A passion for Jordan Neil Faulkner
Dr Neil Faulkner is leading Cox & Kings’ Jordan: Crusaders, Traders & Raiders art tour next year. An archaeologist who works as a freelance editor, writer, lecturer, and excavator, he is a research fellow at Bristol University, a fellow of the Society of Antiquaries, the editor of Military Times, and co-director of several archaeological field projects, including the Great Arab Revolt Project in southern Jordan. His latest book is Rome: Empire of the Eagles. His television appearances include Channel 4’s Time Team, BBC2’s Timewatch, and Channel Five’s Revealed series.
What is your specialist connection with Jordan?
Seven years ago, we set up a project in the deserts of southern Jordan to investigate the archaeological remains of Lawrence of Arabia’s war. We have taken a party of about 30 archaeologists and volunteers out for two weeks in November every year since. We are using a range of archaeological and anthropological techniques to explore the whole range of human experience, political change, and cultural impact represented by the first world war in Jordan.
Why else do you like about Jordan?
Jordan is at the centre of one of history’s great regions of collision and contestation. Empires, civilisations, and cultures have clashed and interacted in this region for thousands of years. So you have layer upon layer of material evidence for past human activity imprinted on the landscape.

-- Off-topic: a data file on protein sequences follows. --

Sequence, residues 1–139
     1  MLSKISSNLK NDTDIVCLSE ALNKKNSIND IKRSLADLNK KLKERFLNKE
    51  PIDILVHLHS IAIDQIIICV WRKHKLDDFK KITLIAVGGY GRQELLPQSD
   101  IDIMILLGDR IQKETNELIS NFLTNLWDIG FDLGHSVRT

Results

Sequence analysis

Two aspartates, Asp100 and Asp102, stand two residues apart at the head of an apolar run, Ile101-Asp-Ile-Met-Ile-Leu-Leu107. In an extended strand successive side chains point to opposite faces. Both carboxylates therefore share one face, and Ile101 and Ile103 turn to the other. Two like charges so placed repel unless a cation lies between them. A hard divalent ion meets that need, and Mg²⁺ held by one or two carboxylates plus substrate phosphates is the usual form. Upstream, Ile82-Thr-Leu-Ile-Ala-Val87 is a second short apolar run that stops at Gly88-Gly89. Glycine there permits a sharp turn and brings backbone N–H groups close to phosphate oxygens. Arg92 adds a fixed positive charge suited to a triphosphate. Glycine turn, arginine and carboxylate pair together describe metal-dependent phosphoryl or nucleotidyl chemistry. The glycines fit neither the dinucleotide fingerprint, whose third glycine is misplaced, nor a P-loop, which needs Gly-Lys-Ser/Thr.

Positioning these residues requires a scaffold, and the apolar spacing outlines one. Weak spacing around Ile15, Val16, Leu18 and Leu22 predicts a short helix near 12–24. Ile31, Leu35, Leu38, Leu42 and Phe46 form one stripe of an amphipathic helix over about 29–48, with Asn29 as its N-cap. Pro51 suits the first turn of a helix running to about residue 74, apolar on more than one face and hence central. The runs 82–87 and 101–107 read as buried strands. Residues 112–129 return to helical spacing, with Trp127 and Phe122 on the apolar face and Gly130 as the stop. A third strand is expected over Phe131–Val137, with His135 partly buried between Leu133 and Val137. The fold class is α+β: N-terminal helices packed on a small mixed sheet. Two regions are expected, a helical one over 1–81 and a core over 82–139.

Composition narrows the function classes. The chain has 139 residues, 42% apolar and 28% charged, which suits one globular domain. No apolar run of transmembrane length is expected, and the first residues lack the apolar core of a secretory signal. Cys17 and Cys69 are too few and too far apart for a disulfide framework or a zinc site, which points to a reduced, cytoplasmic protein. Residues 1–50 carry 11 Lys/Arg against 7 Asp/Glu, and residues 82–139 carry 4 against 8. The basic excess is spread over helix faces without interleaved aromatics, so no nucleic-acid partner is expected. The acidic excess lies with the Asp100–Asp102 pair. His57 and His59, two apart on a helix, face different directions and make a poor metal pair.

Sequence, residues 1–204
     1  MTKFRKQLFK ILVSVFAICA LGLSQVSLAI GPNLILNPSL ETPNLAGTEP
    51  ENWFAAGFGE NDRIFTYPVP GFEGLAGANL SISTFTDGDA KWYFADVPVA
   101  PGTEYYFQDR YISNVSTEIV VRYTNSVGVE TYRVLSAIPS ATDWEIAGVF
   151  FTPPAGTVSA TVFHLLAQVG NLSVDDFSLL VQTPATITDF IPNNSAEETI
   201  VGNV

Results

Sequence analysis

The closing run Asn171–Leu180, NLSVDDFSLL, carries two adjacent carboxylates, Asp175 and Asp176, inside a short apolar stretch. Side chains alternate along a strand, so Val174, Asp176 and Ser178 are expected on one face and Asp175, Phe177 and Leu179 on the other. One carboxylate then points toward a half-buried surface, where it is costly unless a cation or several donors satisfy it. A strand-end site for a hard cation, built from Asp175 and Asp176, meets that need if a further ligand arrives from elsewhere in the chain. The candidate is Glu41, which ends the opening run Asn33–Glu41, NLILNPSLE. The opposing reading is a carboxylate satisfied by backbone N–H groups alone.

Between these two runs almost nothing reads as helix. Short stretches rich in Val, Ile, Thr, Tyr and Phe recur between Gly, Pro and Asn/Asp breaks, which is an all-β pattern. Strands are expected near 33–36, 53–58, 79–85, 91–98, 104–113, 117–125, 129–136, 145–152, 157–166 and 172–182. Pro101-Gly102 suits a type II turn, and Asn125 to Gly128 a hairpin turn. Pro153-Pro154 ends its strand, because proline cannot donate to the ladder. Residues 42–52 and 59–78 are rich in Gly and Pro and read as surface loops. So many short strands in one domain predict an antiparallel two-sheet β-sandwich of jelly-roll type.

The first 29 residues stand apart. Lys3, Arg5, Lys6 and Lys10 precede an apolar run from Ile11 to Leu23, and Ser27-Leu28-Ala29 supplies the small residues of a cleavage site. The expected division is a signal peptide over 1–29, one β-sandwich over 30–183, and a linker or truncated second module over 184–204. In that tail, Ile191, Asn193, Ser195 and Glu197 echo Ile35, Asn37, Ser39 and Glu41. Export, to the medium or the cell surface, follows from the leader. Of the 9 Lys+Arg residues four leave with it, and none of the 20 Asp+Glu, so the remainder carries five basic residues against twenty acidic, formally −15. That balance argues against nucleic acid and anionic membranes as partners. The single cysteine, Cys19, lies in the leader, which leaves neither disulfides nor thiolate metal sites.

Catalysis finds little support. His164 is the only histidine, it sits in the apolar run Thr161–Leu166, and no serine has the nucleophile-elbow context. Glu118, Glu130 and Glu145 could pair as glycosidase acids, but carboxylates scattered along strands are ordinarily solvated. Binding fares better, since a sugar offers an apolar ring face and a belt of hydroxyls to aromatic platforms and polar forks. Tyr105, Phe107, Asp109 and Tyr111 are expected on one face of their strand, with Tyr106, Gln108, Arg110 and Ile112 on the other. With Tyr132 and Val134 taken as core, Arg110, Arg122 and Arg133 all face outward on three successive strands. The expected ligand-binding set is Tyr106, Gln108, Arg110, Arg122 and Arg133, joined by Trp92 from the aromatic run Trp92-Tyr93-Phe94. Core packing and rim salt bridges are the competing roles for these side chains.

During the tour, we visit sites representing the Greeks, the Romans, the Nabataeans, the Byzantines, the Muslim Arabs, the crusaders, and the Ottomans. Some of the sites are military and testify to a struggle for power, but others bear witness to rich cultural interaction – like Petra, where the Nabataeans created a genuine synthesis of Egyptian, Assyrian, and Graeco-Roman culture.
If you could recommend one book to read before departure, what would it be?
This is impossible. It depends what period you are most interested in. What I will say is this. The new Michael Korda biography – Hero: The Life and Legend of Lawrence of Arabia – is very good, despite the crass title. Heroes do not exist in reality. They are cultural constructs. Any serious biographer should recognise that – especially when the subject is that supreme cultural construct, Lawrence of Arabia!
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